Amendment Subsection (a). Rule 6(a) represents a major change in calculating time deadlines. It adopts the federal time-computation provisions in FRCP 6(a). Under Rule 6(a)(1), all deadlines stated in days are computed the same way, regardless of how long or short the period is. This simplifies time computation and facilitates “day-of-the-week” counting, but it has required revision to time deadlines stated elsewhere in the NRCP. To compensate for the shortening of time periods previously expressed as less than 11 days by the directive to count intermediate Saturdays, Sundays, and legal holidays, many of the periods have been lengthened. In general, former periods of 5 or fewer days are lengthened to 7 days, while time periods between 6 and 15 days are now set to 14 days. Time periods of 16 to 20 days were set to 21 days, and periods longer than 30 days were retained without change. The use of 7-, 14-, and 21-day periods enables “day-of-the-week” counting; for example, if a motion was filed and served on Wednesday with 7 days to respond, the opposition would be due the following Wednesday. Statutory- and rule-based time periods subject to this rule may not be changed concurrently with this rule. If a reduction in the times to respond under those statutes and rules results, an extension of time may be warranted to prevent prejudice.
Subsection (b). Rule 6(b) addresses extensions of time. While it borrows language from its federal rule counterpart, the rule retains Nevada- specific provisions governing stipulations for extension of time, subject to court approval. Rule 6(b) provides the court may extend the time to act “for good cause.” If another rule provides a method for extending time, such as Rule 29 for stipulations about discovery, the court or the parties may extend time as provided in that rule.
Subsection (c). Rule 6(c), previously NRCP 6(d), is conformed to FRCP 6(c), with reference to Nevada’s local rules. The local rules govern motion practice in general and may provide, for example, larger periods of time in which to file motions, specific procedures governing motion practice, or procedures to request a hearing or to submit a motion without a hearing.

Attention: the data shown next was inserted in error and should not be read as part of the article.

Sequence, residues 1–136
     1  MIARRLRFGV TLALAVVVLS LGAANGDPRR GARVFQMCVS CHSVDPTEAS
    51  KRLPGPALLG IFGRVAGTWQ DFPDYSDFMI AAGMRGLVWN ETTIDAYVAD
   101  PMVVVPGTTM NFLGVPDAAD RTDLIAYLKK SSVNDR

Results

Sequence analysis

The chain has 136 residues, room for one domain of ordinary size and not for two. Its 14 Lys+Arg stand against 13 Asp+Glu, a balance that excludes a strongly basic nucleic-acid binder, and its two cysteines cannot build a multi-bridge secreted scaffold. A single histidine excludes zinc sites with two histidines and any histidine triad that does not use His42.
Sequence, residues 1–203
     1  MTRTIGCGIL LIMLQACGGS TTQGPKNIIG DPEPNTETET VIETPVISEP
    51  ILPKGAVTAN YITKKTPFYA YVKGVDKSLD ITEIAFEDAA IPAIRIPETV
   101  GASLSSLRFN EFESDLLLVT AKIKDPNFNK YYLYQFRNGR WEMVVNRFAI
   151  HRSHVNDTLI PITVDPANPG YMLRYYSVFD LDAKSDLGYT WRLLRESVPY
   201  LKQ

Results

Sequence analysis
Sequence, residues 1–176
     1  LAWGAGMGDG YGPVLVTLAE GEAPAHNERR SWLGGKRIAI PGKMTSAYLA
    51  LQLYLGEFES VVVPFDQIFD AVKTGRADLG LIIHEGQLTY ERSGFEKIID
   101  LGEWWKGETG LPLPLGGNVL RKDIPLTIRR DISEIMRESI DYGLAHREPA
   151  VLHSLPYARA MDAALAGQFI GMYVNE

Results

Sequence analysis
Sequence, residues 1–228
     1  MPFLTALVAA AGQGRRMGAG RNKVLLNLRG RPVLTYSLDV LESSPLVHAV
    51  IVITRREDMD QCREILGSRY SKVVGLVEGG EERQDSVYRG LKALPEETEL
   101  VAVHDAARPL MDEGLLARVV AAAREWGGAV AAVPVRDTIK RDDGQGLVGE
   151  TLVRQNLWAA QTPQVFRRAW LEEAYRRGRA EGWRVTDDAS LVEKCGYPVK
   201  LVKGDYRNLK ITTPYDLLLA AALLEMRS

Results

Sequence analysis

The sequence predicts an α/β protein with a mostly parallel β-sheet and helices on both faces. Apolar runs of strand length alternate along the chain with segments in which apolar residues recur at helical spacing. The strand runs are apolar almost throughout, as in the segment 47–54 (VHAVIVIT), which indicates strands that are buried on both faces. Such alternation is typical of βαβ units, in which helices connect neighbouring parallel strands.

Subsection (d). Rule 6(d) limits the instances in which three additional days will be added to a time calculation to instances in which service is accomplished by mail, by leaving it with the clerk, or in cases involving express consent.
In all other respects, the 2019 amendments to the NRCP and the companion amendments to the Nevada Electronic Filing and Conversion Rules (NEFCR) and the NRAP eliminate the former inconsistent provisions for adding three days for electronic service. These amendments also require the simultaneous filing and service of documents on submission to a court’s electronic filing system. The Committee recognizes this will require local rule amendments and changes to existing electronic filing systems. However, the Committee agrees with the following advisory committee notes to the 2016 amendments to FRCP 6, which explain that the FRCP were amended in 2001 to provide for service by electronic means.
Although electronic transmission seemed virtually instantaneous even then, electronic service was included in the modes of service that allow 3 added days to act after being served. There were concerns that the transmission might be delayed for some time, and particular concerns that incompatible systems might make it difficult or impossible to open attachments. These concerns have been substantially alleviated by advances in technology and in widespread skill in using electronic transmission.
Diminution of the concerns that prompted the decision to allow the 3 added days for electronic transmission is not the only reason for discarding this indulgence. Many rules have been changed to ease the task of computing time by adopting the 7-,
14-, 21-, and 28-day periods that allow ‘day-of-the- week’ counting. Adding 3 days at the end complicated the counting, and increased the occasions for further complication by invoking the provisions that apply when the last day is a Saturday, Sunday, or legal holiday.
Requiring simultaneous filing and service of documents submitted to an electronic filing system will take advantage of the speed of electronic communication and reduce litigation delays. If electronic service after business hours, or just before or during a weekend or holiday, results in a practical reduction of the time available to respond, an extension of time may be warranted to prevent prejudice. Consent to and use of electronic filing and service remain governed by local courts and the NEFCR.